Risk Assessment of Dimethylfumarate Residues in Dwellings Following Contamination by Treated Furniture

Authors

  • C. Rousselle,

    Corresponding author
    1. French Agency for Food, Environmental and Occupational Health & Safety (ANSES), Risk Assessment Department, Maisons-Alfort, France
    • Address correspondence to Christophe Rousselle, ANSES, 27–31 avenue du Général Leclerc, 94701 Maisons-Alfort, cedex, France; christophe.rousselle@anses.fr.

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  • V. Pernelet-Joly,

    1. French Agency for Food, Environmental and Occupational Health & Safety (ANSES), Risk Assessment Department, Maisons-Alfort, France
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  • C. Mourton-Gilles,

    1. National Agency for Medicine and Health Products Safety (ANSM), Department of Pharmatoxicological and Microbiological Control for Chemical Medicines and Other Health Products, Laboratory Controls Division, Montpellier, France
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  • J. P. Lepoittevin,

    1. Institut de Chimie, CNRS, Strasbourg, France
    2. University of Strasbourg, Dermatochemistry, Strasbourg, France
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  • R. Vincent,

    1. National Institute for Research on Occupational Safety and Health (INRS), Direction of Prevention Applications, Vandoeuvre Les Nancy, France
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  • A. Lefranc,

    1. French Institute for Public Health Surveillance (InVS), Health and Environment Department, Saint-Maurice, France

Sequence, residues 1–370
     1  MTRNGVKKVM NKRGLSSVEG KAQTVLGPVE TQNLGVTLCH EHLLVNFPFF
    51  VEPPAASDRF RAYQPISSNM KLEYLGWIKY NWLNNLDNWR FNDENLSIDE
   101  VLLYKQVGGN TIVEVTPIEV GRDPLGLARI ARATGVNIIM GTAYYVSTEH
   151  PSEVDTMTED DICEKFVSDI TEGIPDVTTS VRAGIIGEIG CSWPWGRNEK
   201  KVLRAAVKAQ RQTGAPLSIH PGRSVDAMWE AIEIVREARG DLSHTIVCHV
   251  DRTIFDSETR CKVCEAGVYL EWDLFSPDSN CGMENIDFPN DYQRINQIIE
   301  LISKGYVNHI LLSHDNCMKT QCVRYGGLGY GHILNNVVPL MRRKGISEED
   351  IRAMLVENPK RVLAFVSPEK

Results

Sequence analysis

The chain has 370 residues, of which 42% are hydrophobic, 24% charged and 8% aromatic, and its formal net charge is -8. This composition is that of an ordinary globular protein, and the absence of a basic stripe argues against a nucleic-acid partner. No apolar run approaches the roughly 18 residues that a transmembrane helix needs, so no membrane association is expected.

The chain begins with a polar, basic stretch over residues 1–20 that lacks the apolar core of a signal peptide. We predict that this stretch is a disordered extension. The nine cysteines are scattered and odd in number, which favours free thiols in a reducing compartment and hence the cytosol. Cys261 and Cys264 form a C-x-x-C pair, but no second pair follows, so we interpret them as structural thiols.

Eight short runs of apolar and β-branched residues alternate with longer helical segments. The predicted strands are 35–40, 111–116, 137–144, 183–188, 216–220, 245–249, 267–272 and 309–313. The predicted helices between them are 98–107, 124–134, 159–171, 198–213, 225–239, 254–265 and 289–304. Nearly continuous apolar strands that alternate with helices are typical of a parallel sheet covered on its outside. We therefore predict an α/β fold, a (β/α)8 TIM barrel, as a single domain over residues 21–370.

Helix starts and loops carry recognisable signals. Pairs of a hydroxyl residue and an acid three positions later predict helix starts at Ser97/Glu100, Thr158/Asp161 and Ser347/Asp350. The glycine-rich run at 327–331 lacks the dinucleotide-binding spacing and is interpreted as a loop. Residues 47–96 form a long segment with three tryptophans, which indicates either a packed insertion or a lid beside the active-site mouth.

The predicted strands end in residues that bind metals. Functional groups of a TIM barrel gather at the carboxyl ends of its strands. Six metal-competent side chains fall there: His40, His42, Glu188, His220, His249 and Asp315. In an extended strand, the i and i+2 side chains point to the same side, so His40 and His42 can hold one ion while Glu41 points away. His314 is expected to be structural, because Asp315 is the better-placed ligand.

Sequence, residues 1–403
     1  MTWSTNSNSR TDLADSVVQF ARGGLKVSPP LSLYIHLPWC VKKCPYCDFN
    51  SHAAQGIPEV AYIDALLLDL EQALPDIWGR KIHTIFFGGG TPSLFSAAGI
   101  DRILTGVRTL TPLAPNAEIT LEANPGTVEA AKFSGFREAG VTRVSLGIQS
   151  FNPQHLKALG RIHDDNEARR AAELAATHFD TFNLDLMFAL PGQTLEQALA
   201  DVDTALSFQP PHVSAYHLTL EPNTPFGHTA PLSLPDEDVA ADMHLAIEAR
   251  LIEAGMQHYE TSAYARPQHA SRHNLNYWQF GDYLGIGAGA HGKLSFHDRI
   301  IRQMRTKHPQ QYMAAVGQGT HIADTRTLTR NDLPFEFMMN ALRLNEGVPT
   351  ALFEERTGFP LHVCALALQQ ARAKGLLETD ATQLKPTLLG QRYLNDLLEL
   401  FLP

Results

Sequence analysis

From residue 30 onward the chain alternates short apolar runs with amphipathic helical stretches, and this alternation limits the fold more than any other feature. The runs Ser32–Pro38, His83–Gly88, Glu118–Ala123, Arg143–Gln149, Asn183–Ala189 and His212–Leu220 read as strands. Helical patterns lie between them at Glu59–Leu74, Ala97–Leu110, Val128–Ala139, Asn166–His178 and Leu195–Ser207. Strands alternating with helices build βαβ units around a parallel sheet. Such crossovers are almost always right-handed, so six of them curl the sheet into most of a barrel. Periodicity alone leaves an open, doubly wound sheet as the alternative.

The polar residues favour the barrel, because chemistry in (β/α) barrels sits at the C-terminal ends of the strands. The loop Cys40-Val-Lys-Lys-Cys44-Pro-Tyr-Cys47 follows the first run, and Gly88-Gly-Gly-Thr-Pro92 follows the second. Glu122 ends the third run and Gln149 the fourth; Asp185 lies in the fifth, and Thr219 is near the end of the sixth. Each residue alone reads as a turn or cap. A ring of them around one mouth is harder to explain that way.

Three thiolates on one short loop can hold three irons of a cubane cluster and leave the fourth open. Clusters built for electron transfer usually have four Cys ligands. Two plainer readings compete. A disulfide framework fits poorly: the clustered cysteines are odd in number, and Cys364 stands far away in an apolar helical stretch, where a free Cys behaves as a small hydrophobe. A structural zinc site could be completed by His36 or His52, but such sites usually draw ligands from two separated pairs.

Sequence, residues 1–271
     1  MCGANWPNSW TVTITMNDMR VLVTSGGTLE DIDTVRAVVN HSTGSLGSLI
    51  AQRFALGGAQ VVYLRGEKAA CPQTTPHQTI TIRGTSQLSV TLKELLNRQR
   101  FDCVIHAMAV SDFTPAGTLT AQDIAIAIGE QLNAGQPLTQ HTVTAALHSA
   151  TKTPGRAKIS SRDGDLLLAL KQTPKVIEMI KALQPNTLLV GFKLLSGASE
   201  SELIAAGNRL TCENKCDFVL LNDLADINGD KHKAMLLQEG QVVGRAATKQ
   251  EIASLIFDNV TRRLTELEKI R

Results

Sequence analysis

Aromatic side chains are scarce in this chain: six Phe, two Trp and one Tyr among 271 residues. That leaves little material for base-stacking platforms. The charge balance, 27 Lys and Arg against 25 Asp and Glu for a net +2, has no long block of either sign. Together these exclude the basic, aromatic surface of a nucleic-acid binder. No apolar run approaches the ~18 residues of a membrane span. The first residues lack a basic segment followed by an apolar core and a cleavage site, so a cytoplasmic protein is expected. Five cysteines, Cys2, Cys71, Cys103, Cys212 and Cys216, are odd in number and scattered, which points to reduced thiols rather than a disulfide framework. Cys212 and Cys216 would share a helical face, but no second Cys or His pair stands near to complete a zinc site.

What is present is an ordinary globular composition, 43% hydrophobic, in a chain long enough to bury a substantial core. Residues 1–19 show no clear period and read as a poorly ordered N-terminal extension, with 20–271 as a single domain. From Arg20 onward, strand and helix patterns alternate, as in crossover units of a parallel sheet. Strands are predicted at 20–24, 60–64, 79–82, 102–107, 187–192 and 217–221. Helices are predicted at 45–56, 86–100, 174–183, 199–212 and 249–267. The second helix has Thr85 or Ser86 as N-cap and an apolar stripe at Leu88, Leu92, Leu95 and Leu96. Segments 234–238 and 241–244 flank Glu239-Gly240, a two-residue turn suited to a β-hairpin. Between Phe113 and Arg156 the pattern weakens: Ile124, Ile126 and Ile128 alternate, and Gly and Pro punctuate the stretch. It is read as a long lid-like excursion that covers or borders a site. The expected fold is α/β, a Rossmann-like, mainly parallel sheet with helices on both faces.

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  • R. Garnier

    1. Centre antipoison de Paris, AP-HP Hôpital Fernand Widal, University of Paris Diderot, Sorbonne Paris Cité, Paris, France
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Abstract

Recently, numerous cases of dermatitis induced by dimethylfumarate (DMFu) have been reported in Europe. DMFu has been used to prevent mold development in various items, although it is not registered as a biocide. In France, from October 2008 to December 2009, more than 100 cases were reported. Despite a ban on articles containing DMFu and the removal of potentially contaminated products, some people were still suffering from dermatitis or other health problems. The French Agency for Food, Environmental and Occupational Health & Safety was mandated to assess whether the existence in the past of DMFu-contaminated items in dwellings could continue to pose a threat to the health of inhabitants. A risk assessment was performed based on the classical risk analysis approach for environmental contaminants. Hazard assessment of DMFu with regard to its sensitizing properties was performed, based on human case reports collected in France between January 2009 and February 2010. For around half of the 132 individual cases reported, the causal link to DMFu was considered at least probable. An Organisation for Economic Co-Operation and Development (OECD) local lymph node assay performed in a study on mice showed strong sensitizing potential for DMFu. Exposure was assessed by measuring DMFu in items sampled in preselected dwellings. These investigations demonstrated that DMFu exposure can persist after removal of the primary contaminated items. We therefore concluded that there was clearly a risk of skin reactions in patients previously sensitized to DMFu. Furthermore, the available data do not support the existence of significant health effects through the respiratory route.

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